Good Seafood Choices
Navigating Through a Sea of Confusion
New national and regional guides from researchers at the Monterey Bay Aquarium help seafood lovers make good decisions about what to eat.
BEFORE BETTY and Max Allen take a vacation to Hawaii this spring, they are doing some homework. The Washington, D.C., couple is outlining a detailed itinerary that even includes the names of the restaurants where they might eat each day. And though they don’t know what entrees those restaurants might be serving, the Allens do know which kinds of fish they can order—and which kinds they will avoid.
"We’ve stopped eating imported shrimp at home because we read that a lot of fish and other marine animals are being destroyed to get those shrimp to the table," says Max, an accountant who prides himself on his consumer awareness. "So we’re really pleased to learn that shrimp are farmed locally in Hawaii using sustainable methods, and that we can eat them guilt-free. It’s the first thing I plan to order when we get there."
The Allens learned about the Hawaiian shrimp by referring to some new regional recommendations from researchers at the Monterey Bay Aquarium in California who are trying to steer consumers through the confusion surrounding which kinds of seafood come from sustainable sources, and which do not. "Sustainable fisheries and farms are managed in ways that help ensure the long-term survival of species," says George Leonard, science manager for the aquarium’s Seafood Watch program. "Most people have no idea that the choices they make at home and in restaurants may be contributing to the depletion of some marine resources."
Since its inception in the late 1990s, Seafood Watch has been one of the leading sources for information to help Americans make the right choices. Initially, the program used scientific data to produce a list of seafood options for people on the West Coast, broken down into three categories: "best choices," "proceed with caution" and "worst" choices. Now, it is providing similar options for consumers in other parts of the country.
Earlier this year, with the release of the Hawaii list, the Seafood Watch staff began publishing a series of guides specific to different regions of the country. Southeast, Northeast and Midwest lists currently are under review by fisheries experts and resource managers in those regions. "No matter where you live, we recommend avoiding certain types of fish such as Chilean sea bass and bluefin tuna because they are rapidly disappearing," notes program manager Jennifer Dianto. "But in some other instances, our recommendations clearly vary from region to region."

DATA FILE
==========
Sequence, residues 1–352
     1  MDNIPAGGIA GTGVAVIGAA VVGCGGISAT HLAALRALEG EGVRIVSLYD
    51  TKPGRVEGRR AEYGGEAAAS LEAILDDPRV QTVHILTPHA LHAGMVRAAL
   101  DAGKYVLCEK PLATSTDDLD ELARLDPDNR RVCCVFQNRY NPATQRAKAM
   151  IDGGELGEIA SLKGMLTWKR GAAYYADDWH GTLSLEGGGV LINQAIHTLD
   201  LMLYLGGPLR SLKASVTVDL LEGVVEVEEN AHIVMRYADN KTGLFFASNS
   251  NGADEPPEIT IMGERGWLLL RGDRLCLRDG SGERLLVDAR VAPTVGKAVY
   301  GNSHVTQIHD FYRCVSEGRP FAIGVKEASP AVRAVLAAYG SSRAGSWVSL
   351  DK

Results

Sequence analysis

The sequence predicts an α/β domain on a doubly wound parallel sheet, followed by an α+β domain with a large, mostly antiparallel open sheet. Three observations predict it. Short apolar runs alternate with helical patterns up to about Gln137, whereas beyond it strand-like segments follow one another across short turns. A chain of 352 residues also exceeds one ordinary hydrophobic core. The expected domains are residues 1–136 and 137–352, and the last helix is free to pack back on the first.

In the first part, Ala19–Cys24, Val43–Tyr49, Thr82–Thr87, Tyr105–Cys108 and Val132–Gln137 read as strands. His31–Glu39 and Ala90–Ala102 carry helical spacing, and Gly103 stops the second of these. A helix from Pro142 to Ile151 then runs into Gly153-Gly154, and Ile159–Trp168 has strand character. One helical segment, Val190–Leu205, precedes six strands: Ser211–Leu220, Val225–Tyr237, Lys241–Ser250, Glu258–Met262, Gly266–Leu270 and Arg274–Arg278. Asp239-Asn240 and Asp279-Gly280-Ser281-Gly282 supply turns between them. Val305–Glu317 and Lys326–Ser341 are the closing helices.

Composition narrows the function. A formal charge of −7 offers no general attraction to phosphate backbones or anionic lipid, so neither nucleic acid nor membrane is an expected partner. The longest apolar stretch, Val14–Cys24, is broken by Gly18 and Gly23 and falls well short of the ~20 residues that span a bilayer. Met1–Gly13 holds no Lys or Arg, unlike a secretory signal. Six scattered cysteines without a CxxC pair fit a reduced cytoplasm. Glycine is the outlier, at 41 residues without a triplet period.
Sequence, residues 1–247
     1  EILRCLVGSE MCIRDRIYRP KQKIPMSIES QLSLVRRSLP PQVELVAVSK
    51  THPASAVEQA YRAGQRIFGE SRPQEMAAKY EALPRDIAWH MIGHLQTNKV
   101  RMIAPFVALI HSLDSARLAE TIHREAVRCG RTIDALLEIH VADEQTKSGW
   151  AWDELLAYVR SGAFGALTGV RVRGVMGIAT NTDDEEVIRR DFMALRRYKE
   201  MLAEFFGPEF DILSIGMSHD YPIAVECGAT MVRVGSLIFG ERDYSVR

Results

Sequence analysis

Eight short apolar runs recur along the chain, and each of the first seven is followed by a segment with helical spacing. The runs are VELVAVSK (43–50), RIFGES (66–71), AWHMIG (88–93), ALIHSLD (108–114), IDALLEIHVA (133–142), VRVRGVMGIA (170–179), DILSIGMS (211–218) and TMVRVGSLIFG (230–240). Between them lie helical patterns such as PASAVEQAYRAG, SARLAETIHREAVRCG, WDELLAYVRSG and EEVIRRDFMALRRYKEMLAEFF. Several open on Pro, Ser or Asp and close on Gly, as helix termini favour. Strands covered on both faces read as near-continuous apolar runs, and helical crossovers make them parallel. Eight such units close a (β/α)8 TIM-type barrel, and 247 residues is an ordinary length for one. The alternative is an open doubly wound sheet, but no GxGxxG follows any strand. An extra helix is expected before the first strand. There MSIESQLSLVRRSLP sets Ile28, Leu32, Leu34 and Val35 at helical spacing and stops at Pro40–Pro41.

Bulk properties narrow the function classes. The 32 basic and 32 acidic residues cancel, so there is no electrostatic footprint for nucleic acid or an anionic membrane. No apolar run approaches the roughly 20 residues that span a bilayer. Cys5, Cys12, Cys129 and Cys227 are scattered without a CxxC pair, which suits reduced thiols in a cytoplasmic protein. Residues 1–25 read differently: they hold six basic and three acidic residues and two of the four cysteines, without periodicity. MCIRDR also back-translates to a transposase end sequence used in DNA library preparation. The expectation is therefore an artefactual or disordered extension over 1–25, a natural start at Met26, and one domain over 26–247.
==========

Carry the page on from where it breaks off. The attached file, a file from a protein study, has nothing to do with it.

Simultaneously, the program also released its first national card (bound adjacent to this article), which provides a universal guide for seafood lovers to follow until all of the regional lists are available. "We realize how difficult it is to make generalizations when so many factors are involved," says Dianto, "but consumers need some basis to help make informed decisions."
According to the U.S. Department of Commerce, Americans consumed 4.5 billion pounds of marine food in 2002—or nearly 16 pounds per person—a 7 percent increase over the previous year. Unfortunately, the country’s growing love affair with seafood comes at a time when scientists are warning citizens to limit the amounts they eat of certain fish because those creatures may harbor potentially dangerous levels of mercury and other pollutants (see "Your Health," page 18). It also comes at a time when experts are detailing the extent to which the world’s fish stocks are overexploited.
Last spring, for example, a team of Canadian scientists reported in the journal Nature that fully 90 percent of the world’s populations of large fish species—including swordfish, halibut, cod, marlin and flounder—have disappeared from the oceans. The report was based on historical data dating back to the start of large-scale commercial fishing operations in the 1950s—the first such study of its kind. "We are really too good at killing these things," observed Ransom Myers, one of the researchers.
Industrial fishing is only part of the problem. Another factor: Many of the techniques used to catch or farm some of the most widely eaten species are tremendously wasteful. Consider shrimp, which two years ago surpassed canned tuna as the most popular seafood among American consumers. According to Seafood Watch, more than 20 different species of shrimp or prawns enter U.S. markets from foreign sources. Most of the captively raised crustaceans come from Asia, where shrimp farming is destroying coastal habitat. Wild shrimp, meanwhile, usually are captured in trawl nets, which have the largest bycatch of any commercial fishery: Anywhere from 3 to 15 pounds of marine life are caught and discarded for every pound of shrimp captured in such nets. That’s why Seafood Watch recommends avoiding imported shrimp. (U.S. farmed and wild-caught shrimp are listed under the "caution" category.)